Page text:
In the Bedroom, with Tom Wilkinson and Golden Globe winner Sissy Spacek coping with the shooting death of their son, also expanded Jan. 11, from 207 theaters to 424 theaters with great success. Todd Field's directorial debut has collected $8.6 million through Wednesday.
In the Bedroom should grow stronger in coming weeks if, as expected, it's blessed with a handful of Oscar nominations. The drama is Miramax's best shot at landing a Best Picture nomination given that The Shipping News is struggling to overcome lukewarm reviews and a poor box office total of $7.9 million through Monday in limited release.
The bell looks set to ring on Ali now that the MLK holiday has come and gone. Michael Mann's biography didn't benefit from Muhammad Ali's televised 60th birthday celebration, and poor word of mouth has hit the film harder than punch by Joe Frazier. Ali's total through Monday is $57.2 million, a disappointment considering the film's $105 million budget.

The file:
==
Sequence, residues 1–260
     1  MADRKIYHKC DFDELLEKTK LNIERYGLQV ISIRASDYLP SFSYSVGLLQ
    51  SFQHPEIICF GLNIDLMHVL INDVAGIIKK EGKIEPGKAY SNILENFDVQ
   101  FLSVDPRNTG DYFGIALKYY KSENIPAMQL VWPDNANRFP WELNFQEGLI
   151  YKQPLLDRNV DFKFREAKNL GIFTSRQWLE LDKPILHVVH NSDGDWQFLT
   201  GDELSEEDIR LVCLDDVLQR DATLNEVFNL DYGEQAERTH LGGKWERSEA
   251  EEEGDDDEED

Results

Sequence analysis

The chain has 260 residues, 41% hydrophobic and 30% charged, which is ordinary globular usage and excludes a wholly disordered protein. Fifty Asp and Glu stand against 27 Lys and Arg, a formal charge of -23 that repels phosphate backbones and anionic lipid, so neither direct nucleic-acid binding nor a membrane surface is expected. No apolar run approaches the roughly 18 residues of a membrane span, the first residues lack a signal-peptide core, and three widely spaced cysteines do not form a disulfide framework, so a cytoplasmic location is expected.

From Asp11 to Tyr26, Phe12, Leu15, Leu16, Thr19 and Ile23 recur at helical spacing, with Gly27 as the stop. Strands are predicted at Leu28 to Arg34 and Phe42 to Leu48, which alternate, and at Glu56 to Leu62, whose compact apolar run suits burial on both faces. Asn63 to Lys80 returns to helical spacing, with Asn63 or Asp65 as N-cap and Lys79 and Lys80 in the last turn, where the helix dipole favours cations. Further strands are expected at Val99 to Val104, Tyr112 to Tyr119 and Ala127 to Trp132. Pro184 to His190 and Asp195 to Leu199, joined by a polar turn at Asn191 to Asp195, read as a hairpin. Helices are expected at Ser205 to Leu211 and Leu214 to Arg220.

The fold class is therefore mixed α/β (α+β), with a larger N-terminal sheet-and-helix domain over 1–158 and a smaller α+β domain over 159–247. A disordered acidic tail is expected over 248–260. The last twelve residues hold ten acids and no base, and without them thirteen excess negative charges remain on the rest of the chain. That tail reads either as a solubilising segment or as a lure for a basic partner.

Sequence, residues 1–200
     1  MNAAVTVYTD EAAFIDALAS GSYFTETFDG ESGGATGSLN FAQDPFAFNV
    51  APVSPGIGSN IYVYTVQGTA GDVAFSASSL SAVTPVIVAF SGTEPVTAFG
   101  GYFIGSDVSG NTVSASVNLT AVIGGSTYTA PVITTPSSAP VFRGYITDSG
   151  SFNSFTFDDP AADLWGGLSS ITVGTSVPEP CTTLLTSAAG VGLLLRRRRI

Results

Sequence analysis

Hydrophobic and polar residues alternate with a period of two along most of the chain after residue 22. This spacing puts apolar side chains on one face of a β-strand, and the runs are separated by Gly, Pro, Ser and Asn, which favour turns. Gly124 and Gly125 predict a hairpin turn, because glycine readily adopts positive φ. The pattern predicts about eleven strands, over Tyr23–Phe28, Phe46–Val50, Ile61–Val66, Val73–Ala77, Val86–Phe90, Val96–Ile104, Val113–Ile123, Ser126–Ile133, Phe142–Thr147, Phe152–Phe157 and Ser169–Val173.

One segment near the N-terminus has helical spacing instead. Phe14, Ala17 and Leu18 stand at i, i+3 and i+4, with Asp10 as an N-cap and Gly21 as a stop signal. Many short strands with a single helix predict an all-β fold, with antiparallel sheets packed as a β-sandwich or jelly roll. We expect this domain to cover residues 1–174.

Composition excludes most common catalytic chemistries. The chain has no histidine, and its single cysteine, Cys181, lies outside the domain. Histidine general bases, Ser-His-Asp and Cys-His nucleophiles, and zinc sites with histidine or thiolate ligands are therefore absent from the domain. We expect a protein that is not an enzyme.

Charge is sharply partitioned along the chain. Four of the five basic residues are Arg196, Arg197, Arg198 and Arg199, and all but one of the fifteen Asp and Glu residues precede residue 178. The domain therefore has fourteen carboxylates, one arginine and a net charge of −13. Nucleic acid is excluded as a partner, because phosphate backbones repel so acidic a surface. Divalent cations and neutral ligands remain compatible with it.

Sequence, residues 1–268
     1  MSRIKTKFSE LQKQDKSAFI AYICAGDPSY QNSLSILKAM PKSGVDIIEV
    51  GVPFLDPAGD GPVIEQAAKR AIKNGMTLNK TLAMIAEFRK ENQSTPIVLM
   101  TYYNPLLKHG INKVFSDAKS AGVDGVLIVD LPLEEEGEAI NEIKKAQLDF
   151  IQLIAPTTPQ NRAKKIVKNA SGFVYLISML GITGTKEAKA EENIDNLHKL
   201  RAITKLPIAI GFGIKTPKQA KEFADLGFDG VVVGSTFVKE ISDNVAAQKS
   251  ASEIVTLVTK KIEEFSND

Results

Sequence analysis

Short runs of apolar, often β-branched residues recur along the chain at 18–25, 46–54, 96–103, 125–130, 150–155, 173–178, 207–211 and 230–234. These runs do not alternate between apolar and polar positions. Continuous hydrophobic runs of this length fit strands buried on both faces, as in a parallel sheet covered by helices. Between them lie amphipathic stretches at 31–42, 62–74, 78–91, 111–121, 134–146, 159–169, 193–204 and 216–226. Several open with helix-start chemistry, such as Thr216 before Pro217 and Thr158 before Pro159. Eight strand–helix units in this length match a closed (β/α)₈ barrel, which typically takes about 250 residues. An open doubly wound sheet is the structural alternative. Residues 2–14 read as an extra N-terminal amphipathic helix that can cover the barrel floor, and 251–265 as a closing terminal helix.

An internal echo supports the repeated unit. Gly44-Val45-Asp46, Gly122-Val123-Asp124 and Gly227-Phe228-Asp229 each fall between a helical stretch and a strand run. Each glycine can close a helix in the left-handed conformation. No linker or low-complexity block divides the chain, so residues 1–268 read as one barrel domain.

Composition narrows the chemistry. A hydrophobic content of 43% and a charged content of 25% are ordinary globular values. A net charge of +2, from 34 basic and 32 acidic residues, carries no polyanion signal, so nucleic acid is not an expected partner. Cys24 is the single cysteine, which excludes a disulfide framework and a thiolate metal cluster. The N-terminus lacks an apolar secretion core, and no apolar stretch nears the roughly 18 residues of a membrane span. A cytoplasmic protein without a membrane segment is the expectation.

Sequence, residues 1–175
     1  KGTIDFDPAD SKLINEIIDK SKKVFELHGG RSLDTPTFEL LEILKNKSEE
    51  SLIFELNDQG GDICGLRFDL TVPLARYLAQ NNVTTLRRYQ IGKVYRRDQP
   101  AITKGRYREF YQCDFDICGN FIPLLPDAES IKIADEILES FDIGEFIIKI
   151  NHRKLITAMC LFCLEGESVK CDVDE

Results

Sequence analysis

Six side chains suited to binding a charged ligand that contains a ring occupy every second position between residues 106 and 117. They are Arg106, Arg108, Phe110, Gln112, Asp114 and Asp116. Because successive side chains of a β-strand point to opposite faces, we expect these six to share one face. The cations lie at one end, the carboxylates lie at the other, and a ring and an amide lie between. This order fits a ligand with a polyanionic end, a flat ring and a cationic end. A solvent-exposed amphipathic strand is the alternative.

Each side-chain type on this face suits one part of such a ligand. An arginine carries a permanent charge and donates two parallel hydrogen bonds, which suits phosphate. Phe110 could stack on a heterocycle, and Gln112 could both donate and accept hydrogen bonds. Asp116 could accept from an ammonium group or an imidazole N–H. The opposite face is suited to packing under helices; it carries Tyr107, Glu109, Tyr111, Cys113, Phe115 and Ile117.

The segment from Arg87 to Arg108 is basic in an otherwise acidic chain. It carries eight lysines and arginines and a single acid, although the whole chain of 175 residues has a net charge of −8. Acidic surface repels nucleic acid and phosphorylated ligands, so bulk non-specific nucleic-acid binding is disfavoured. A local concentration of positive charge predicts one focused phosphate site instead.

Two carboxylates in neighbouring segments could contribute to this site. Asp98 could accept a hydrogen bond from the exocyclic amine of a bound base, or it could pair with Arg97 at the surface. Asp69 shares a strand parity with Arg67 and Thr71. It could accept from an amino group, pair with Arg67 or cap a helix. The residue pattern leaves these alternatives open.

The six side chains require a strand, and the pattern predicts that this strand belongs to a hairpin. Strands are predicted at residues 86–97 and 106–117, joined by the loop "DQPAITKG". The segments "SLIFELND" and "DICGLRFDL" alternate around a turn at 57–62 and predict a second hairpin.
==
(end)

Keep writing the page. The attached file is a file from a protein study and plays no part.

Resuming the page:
Heist yarn Ocean's Eleven is still on a roll, having racked up $172.4 million in ill-gotten gains through Wednesday.
New competition in Snow Dogs saw Monsters, Inc. and Jimmy Neutron: Boy Genius take a sharp tumble during the four-day holiday. Monsters, Inc. has $249.9 million through Monday, surpassing Toy Story 2 ($245.8 million) as the highest-grossing Disney/Pixar offering. Jimmy Neutron: Boy Genius has $74.1 million through Monday, with $80 million a likely landing spot for the pre-teen fly boy.
Five new wide releases Friday finally means, at long last, good riddance to deserving underachievers Vanilla Sky ($94.1 million) and Kate & Leopold ($43.2 million).